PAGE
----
I want to be more like Jessica Day in 2018

I’ll be honest, this is a blog post about New Year’s resolutions. I won’t ever call it that, but I’ll tip-toe around it, walking like and talking like a New Year’s resolution blog without ever admitting to being one. It’s a point of pride. Maybe I’ll work on pride in 2019.

But for now, as basic as it is, a look back on the love and lesson and light that poured into my life in 2017, and sends me into this new year perhaps less encouraged to change and more content to just be.

Numero Uno: Self-reflection is the only thing you have to get good at.

What a relief… in part. I guess a better title for this numero uno would have been “get good at knowing yourself,” because since self-reflection in itself is only open to judgement from oneself, who’s to say when you’re “good at it” or not. Too meta? Let’s move on.

If you would have asked me a year ago, hell even six months ago whether I had nailed self-reflection, I’d be all “yes, how do you turn it off?” I analyze and over-analyze. I’m a woman. I make connections where there aren’t any and read into things that are shallower than a puddle from a melted ice cube.

It took me 23 ½ years to realize that self-reflection is not situational. It’s about really understanding who we are. It removes the ability to point to someone else’s behavior as a reason for ours. It’s a sobering process, one that I believe continues a lifetime, but it’s also so so empowering. It reminds me that I have the power to feel, act, do, say whatever the hell I want. I can alter and evolve and fail and negotiate things about myself with me and me alone. Self-reflection is training yourself to stop looking outside of yourself for worth or answers and instead hold yourself accountable.

Next up: (these all are kind of related) When you understand yourself, other people are so much easier to be around.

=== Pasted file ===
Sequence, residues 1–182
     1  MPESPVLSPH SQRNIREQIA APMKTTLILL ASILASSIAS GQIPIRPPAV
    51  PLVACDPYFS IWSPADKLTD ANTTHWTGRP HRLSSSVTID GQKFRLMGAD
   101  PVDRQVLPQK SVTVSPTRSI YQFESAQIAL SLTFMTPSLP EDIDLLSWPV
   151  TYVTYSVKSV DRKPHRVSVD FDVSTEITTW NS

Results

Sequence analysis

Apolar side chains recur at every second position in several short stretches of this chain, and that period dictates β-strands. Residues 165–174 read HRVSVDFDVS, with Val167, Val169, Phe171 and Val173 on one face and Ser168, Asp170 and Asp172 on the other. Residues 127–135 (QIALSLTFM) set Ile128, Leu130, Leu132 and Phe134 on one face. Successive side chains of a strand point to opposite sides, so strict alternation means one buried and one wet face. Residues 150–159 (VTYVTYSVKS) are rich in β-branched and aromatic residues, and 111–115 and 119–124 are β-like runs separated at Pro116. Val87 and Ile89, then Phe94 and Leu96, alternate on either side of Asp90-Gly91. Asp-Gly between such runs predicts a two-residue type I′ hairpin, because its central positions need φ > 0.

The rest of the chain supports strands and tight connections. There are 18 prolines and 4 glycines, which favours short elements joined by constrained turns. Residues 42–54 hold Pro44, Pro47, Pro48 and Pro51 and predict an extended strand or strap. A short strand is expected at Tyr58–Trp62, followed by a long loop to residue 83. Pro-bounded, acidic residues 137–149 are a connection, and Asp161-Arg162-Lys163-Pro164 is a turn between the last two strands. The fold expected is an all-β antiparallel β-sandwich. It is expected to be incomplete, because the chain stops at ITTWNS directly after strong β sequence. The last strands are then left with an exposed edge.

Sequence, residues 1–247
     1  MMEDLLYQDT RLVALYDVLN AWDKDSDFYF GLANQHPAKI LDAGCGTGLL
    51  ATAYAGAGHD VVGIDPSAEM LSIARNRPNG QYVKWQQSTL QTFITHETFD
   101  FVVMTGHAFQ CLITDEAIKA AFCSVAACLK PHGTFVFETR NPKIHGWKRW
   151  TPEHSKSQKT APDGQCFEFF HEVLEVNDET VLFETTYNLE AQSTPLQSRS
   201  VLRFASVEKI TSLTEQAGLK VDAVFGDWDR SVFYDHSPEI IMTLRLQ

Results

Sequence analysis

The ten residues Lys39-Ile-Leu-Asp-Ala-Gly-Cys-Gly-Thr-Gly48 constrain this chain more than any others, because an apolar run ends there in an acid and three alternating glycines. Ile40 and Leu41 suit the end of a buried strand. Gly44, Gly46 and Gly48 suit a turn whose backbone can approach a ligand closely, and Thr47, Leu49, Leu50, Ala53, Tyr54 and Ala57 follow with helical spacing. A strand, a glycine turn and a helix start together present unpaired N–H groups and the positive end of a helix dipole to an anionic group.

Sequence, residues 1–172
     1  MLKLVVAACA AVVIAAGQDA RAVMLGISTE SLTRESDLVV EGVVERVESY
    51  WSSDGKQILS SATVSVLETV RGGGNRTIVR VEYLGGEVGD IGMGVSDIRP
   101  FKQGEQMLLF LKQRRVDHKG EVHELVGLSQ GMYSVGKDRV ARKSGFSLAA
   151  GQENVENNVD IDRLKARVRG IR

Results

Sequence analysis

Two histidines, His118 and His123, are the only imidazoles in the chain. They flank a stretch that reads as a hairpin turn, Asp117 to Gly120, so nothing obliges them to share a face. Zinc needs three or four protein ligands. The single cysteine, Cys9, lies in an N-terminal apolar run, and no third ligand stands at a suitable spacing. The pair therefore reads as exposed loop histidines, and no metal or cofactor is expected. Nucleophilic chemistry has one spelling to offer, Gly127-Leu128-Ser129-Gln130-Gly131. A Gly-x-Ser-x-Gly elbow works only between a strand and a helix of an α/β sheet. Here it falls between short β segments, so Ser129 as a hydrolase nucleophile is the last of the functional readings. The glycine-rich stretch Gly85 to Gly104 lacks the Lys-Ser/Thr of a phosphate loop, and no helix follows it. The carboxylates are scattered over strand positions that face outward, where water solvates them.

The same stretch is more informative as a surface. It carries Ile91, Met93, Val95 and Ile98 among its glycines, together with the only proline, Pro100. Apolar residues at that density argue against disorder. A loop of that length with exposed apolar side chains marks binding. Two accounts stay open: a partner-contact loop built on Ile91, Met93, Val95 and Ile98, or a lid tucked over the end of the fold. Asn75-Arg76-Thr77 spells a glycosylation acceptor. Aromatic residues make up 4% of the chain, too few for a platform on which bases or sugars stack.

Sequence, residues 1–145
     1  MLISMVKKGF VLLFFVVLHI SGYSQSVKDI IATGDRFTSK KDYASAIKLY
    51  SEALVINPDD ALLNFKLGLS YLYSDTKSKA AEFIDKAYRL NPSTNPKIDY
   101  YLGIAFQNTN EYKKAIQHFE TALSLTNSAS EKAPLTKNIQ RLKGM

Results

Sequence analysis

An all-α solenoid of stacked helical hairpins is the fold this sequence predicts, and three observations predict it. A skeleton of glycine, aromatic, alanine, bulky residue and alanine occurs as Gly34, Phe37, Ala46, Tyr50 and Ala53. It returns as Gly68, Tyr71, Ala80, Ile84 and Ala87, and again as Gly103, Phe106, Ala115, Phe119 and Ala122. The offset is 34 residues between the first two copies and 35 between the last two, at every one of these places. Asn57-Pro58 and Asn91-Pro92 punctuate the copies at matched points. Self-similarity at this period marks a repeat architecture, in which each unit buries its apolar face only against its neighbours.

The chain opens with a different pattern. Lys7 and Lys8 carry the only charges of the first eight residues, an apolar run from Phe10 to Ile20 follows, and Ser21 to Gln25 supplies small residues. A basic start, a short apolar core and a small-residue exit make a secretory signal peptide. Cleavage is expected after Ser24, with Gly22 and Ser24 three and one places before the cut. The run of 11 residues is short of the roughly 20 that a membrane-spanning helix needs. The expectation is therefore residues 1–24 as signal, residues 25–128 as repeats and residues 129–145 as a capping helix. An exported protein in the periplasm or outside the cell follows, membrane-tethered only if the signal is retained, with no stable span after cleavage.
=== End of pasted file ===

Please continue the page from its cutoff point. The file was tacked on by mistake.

I’m an introverted extrovert. I prefer to be with people, but like two people, not ten. People don’t recharge me, in fact they really wear me out. But as much as I love a good Netflix binge by myself, I crave close connections with good friends. This also translates to my desire for committed relationships. I’m very bad at surface-level interactions. I don’t excel at small talk or remember details of people I’ve met once. I rather have a politically-charged discussion with someone I truly dislike than talk about the weather with an acquaintance. BUT the more I learned about myself and how impossible I am to love (through self-reflection), my bar for friends, partners, parents and siblings, went way down.

I mean that in the best way possible. I think we all have expectations for how people should act or what they owe you, but more often than not, people fail to meet those expectations. And it’s rarely because they’re problematic people, but because the expectations are unreasonable.

When I realized how jealous and resentful and insecure I really am, and that a lot of the awful things I do are rooted in those emotions, I realized I have absolutely no room to judge anyone else. And this isn’t an excuse for myself or for anyone else to allow their issues to reign supremely, but instead a reminder to understand that we are all flawed.

3—Love is so much harder than getting into college.